Twisted web server: How to implement it

In the next paragraphs you will learn hot to run a simple Twisted web server. Twisted is an event-driven networking engine written in Python. It is a framework that provides extremely powerful, scalable and flexible enterprise application integration capabilities. At the core of Twisted is its network layer that can be used to rapidly integrate any existing protocol as well as model new ones.

Unlike other frameworks, that are designed to address a specific domain – email, Web sites, Web services – Twisted is designed to support both multiple frameworks and multiple protocols at the same time. Thus, Twisted can be used to implement web sites, web services, email servers, or instant messaging servers, and it’s capable of serial port access. Moreover, these services can all run in the same process. Twisted’s event-based, asynchronous framework makes it possible to write applications that stay responsive while processing events from multiple network connections, without using threads.


A Twisted web server

The HyperText Transfer Protocol (HTTP) is a request/response application-layer protocol, where requests are initiated by a client to a server, which responds with the requested resource. It is text-based and newline-delimited, and thus easy for humans to read. The browser interacts with a web server using HTTP, also by the use of RCP calls with Ajax (and then supporting xml-rcp).

Twisted includes some high-level APIs in twisted.web.server that facilitate the construction of sophisticated web servers. The simplest twisted web server one could create is a web server that serves static content (e.g. a directory content):

from twisted.internet import reactor
from twisted.web.server import Site
from twisted.web.static import File
resource = File('/var/www/mysite')factory = Site(resource)
reactor.listenTCP(8000, factory)

We don’t have to worry about HTTP protocol details. Instead, we use a Site, which subclasses http.HTTPFactory and manages HTTP sessions and dispatching to resources for us. A Site is initialized with the resource to which it is managing access. A resource must provide the IResource interface, which describes how the resource gets rendered and how child resources in the resource hierarchy are added and accessed. In this case, we initialize our Site with a File resource representing a regular, non interpreted file. The Site is then registered with the reactor, which will then listen for requests on port 8000.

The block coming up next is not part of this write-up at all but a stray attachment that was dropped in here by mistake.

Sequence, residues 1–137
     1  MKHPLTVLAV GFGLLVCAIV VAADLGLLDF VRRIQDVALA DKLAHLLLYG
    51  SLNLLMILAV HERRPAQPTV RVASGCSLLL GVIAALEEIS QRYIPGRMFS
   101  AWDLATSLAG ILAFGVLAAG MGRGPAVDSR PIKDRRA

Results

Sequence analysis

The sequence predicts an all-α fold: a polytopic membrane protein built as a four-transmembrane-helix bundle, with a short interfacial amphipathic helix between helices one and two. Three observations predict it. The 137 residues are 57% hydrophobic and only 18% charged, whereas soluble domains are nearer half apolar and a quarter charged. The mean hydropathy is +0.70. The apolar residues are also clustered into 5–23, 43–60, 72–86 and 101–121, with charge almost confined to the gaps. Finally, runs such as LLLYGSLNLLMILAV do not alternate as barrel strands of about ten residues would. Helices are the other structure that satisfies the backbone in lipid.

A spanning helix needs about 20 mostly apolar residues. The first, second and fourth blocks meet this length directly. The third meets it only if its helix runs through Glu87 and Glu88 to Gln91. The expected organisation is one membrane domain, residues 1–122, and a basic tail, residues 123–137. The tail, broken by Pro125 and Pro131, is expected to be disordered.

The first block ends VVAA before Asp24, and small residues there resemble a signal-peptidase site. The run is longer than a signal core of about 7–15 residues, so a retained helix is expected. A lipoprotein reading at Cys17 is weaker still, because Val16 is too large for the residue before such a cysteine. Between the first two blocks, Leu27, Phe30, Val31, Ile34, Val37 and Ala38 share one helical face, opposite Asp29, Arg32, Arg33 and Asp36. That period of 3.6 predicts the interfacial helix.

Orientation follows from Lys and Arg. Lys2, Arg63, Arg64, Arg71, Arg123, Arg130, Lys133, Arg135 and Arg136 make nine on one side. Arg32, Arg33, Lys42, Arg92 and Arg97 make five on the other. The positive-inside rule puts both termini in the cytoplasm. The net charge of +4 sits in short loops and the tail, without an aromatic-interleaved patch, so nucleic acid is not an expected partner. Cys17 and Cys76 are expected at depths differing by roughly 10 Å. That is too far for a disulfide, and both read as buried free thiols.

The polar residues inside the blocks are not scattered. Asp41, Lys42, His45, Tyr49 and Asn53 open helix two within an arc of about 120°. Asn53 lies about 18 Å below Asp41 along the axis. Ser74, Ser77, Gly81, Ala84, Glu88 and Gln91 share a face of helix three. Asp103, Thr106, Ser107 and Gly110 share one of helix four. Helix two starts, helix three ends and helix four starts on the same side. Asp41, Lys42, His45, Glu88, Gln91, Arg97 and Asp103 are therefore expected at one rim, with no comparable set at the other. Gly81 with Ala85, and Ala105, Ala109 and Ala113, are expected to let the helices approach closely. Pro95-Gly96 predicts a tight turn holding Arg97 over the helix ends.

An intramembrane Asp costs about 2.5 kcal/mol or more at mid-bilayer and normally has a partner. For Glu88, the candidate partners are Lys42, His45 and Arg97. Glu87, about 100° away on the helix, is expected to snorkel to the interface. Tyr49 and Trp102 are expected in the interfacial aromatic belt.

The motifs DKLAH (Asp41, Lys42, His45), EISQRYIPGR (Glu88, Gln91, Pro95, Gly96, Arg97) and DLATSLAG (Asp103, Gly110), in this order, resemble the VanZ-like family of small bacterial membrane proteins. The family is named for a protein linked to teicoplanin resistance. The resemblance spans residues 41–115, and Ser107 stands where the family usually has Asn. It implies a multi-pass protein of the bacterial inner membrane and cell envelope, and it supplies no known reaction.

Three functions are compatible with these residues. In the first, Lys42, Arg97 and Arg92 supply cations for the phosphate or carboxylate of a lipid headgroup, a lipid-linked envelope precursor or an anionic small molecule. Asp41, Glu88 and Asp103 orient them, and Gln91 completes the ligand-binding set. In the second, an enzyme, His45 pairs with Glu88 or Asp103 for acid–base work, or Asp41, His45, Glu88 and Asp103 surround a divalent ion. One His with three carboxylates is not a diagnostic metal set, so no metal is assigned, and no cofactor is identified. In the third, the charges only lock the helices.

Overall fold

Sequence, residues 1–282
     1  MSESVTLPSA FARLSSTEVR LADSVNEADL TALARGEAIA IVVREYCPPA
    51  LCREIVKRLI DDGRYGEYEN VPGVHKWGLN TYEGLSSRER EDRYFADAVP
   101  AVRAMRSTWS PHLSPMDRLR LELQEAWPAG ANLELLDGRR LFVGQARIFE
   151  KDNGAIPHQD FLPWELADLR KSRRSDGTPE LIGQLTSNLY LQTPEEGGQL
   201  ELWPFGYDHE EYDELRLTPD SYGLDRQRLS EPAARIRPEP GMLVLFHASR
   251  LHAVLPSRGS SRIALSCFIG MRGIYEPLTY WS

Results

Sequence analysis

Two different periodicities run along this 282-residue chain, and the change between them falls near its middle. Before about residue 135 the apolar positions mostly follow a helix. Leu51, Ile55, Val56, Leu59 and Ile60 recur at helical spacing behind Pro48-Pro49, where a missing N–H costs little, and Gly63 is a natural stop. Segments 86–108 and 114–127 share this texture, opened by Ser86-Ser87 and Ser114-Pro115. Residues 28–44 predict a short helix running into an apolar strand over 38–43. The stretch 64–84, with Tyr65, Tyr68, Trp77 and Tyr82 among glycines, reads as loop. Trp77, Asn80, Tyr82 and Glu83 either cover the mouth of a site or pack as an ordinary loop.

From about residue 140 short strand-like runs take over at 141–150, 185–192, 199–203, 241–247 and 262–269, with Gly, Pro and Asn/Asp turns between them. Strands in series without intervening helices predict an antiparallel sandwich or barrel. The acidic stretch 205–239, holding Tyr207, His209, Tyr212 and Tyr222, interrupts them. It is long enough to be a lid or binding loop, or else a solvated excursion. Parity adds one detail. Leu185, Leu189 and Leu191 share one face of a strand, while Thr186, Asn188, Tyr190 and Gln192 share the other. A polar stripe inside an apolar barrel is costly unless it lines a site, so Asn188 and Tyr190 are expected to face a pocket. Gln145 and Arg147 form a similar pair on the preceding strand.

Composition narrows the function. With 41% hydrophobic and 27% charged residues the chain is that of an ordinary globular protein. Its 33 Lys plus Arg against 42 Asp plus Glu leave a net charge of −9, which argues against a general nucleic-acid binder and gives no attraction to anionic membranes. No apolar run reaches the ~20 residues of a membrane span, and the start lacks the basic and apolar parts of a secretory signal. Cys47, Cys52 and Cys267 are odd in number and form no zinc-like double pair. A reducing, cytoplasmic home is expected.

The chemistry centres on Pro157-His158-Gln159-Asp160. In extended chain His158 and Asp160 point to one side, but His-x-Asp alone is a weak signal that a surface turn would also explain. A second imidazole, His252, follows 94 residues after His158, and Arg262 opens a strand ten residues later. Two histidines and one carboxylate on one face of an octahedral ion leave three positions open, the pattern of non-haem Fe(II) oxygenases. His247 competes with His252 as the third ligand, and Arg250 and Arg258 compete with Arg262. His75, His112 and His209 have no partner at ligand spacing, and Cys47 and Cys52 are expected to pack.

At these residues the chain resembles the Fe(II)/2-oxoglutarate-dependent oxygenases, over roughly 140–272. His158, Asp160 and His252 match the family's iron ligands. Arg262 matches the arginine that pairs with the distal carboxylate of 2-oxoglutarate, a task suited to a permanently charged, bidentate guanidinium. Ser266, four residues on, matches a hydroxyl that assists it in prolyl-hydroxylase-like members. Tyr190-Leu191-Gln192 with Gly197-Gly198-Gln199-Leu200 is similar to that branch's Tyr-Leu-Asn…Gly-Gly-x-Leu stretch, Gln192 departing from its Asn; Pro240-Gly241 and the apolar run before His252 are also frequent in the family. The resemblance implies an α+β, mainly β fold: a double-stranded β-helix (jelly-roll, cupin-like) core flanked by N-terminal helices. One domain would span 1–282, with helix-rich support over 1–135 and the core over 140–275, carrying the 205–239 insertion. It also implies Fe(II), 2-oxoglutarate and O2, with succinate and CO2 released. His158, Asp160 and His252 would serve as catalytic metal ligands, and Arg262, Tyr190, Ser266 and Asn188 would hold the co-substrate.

We can create a hierarchy of resources to serve at different URLs by registering Resources as children of the root resource using its putChild method:

resource.putChild("doc", File("/usr/share/doc"))

Serving dynamic content looks very similar to serving static content. The big difference is that instead of using an existing Resource, like File, we will subclass Resource to define the new dynamic resource we want a Site to serve.

class DynamicResource(Resource):
  def render_GET(self, request):
    return "Hello World!"

It’s easy to respond to requests dynamically, serving different resources based on the URL, by defining the method get_child inside a Resource’s body. This method has access to the URL structure, so we can serve other Resource classes based on it. Also the GET or POST parameters can be read.

Using this approach, it can be possible to call every function we define from a URL, and this is the first step in allowing web requests to call methods that send packets though the serial port. We can add a Resource that takes care or the /command URL, forwarding the Request to some object. This method will perform the right actions based on the URL’s parameters and return an HTTP Response to the client.

class Command(resource.Resource):
    isLeaf = True
    def render_GET(self, request):
        return myObject.doSomething(request)
resource.putChild("command", Command())

This document showed you how to implement a twisted web server in its simplest form. If you have any questions, ask them in the comments section below.


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